The pre-NBA history of Black athletes in basketball is the subject of a documentary being developed by LA Lakers star Russell Westbrook and his Zero World Media (Tulsa Burning: The 1921 Race Massacre), Ben Silverman and Howard T. Owens’ Propagate Content and The Black Fives Foundation.
Known as the Black Fives Era, the period spanned from 1904, when the game was first introduced to Black schoolchildren on a wide scale organized basis, to 1950, when the NBA signed its first Black players.
Dozens of African American basketball “fives,” a reference to the five starting players on a squad, emerged and thrived, helping to popularize the sport around the country with high caliber talent and innovative styles of play on the courts of big cities and remote towns alike.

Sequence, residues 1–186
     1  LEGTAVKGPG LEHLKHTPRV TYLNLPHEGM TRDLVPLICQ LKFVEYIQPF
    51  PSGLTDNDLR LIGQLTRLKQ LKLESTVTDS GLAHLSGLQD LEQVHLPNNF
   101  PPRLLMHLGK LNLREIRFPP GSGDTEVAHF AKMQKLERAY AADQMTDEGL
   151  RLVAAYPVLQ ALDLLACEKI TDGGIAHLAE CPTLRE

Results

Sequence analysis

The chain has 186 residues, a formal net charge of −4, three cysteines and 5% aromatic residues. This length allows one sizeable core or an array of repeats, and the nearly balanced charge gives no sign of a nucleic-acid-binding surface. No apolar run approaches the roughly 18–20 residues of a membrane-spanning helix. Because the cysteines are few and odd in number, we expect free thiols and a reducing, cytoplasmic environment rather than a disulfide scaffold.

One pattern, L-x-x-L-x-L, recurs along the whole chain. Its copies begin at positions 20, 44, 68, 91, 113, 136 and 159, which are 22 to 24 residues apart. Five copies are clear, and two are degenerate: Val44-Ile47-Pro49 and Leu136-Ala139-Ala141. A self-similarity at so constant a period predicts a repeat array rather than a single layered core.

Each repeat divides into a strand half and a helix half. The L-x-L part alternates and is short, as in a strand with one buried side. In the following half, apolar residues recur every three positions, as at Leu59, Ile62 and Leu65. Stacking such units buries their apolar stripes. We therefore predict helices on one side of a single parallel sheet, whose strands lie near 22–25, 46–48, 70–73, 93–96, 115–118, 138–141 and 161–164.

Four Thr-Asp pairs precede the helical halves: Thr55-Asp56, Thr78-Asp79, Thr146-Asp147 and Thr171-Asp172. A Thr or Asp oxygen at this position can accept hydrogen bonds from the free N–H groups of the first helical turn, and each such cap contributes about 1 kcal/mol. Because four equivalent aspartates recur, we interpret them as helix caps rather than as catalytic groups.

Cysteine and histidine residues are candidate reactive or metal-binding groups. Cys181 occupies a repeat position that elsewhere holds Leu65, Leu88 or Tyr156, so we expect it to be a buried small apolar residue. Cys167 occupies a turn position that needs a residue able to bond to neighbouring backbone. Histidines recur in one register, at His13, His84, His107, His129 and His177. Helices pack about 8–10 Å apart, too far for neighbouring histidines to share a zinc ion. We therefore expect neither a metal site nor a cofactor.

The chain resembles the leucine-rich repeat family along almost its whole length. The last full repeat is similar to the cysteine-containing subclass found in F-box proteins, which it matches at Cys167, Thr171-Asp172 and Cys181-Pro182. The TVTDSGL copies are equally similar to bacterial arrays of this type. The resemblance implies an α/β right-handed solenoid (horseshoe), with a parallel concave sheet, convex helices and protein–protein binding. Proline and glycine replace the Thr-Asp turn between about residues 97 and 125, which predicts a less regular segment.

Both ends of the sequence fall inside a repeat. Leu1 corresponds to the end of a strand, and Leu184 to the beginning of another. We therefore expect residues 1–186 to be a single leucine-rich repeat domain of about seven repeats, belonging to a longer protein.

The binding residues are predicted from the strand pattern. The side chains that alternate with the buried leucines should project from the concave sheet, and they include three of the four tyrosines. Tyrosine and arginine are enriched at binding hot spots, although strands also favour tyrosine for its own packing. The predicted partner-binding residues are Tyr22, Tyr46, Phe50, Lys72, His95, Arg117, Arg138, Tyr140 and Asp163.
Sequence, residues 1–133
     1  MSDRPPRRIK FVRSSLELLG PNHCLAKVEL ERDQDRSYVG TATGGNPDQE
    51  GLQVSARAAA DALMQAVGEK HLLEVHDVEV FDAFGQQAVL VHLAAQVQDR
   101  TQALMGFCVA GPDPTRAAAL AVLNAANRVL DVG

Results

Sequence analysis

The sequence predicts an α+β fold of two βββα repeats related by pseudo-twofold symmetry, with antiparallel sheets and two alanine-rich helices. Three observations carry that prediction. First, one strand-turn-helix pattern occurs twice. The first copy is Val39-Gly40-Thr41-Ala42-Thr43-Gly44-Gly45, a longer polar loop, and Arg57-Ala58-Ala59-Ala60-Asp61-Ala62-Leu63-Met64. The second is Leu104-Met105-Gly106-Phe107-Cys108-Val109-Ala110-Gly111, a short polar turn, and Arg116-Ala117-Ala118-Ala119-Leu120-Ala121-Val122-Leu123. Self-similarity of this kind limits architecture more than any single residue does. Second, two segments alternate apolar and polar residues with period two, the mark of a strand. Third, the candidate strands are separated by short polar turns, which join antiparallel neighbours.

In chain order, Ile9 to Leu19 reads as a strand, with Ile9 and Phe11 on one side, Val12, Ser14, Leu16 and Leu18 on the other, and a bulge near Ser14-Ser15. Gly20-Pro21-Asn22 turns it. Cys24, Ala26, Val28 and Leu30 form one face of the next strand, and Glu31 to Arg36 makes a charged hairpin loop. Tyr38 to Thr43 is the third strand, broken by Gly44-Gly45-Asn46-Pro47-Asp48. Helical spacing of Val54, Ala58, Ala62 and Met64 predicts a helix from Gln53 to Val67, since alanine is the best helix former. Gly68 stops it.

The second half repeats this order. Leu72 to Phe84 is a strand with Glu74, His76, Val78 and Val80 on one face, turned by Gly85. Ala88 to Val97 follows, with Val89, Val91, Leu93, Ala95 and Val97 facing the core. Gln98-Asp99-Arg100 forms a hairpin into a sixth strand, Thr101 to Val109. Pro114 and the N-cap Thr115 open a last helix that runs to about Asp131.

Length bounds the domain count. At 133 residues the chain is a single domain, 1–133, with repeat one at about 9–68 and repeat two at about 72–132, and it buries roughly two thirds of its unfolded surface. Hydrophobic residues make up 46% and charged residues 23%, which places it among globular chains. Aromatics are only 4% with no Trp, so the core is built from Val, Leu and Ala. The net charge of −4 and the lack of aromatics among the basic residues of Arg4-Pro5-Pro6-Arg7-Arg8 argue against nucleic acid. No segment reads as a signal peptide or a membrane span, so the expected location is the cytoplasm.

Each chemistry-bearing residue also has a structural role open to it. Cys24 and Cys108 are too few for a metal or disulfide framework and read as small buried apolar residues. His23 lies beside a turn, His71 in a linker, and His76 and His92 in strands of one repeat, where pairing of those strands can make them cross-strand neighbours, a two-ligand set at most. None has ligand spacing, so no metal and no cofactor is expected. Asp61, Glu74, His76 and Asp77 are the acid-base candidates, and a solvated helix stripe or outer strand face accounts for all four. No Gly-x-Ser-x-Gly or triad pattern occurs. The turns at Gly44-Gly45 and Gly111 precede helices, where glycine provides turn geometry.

Barred from whites-only gymnasiums and athletic clubs, Black Fives Era teams played in church basements, armories, meeting halls and dance ballrooms while featuring popular all-Black ragtime, blues, and jazz orchestras before and after games with dancing well past midnight to create meaningful social events and a marriage of sports with music that remains today.
The documentary project aims at capturing the stories of how the pioneering efforts of Black Fives Era players paved the way for the global appeal of the modern game against the backdrop of the cultural evolution of Black America itself.
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SOURCE: Deadline, Nellie Andreeva and Denise Petski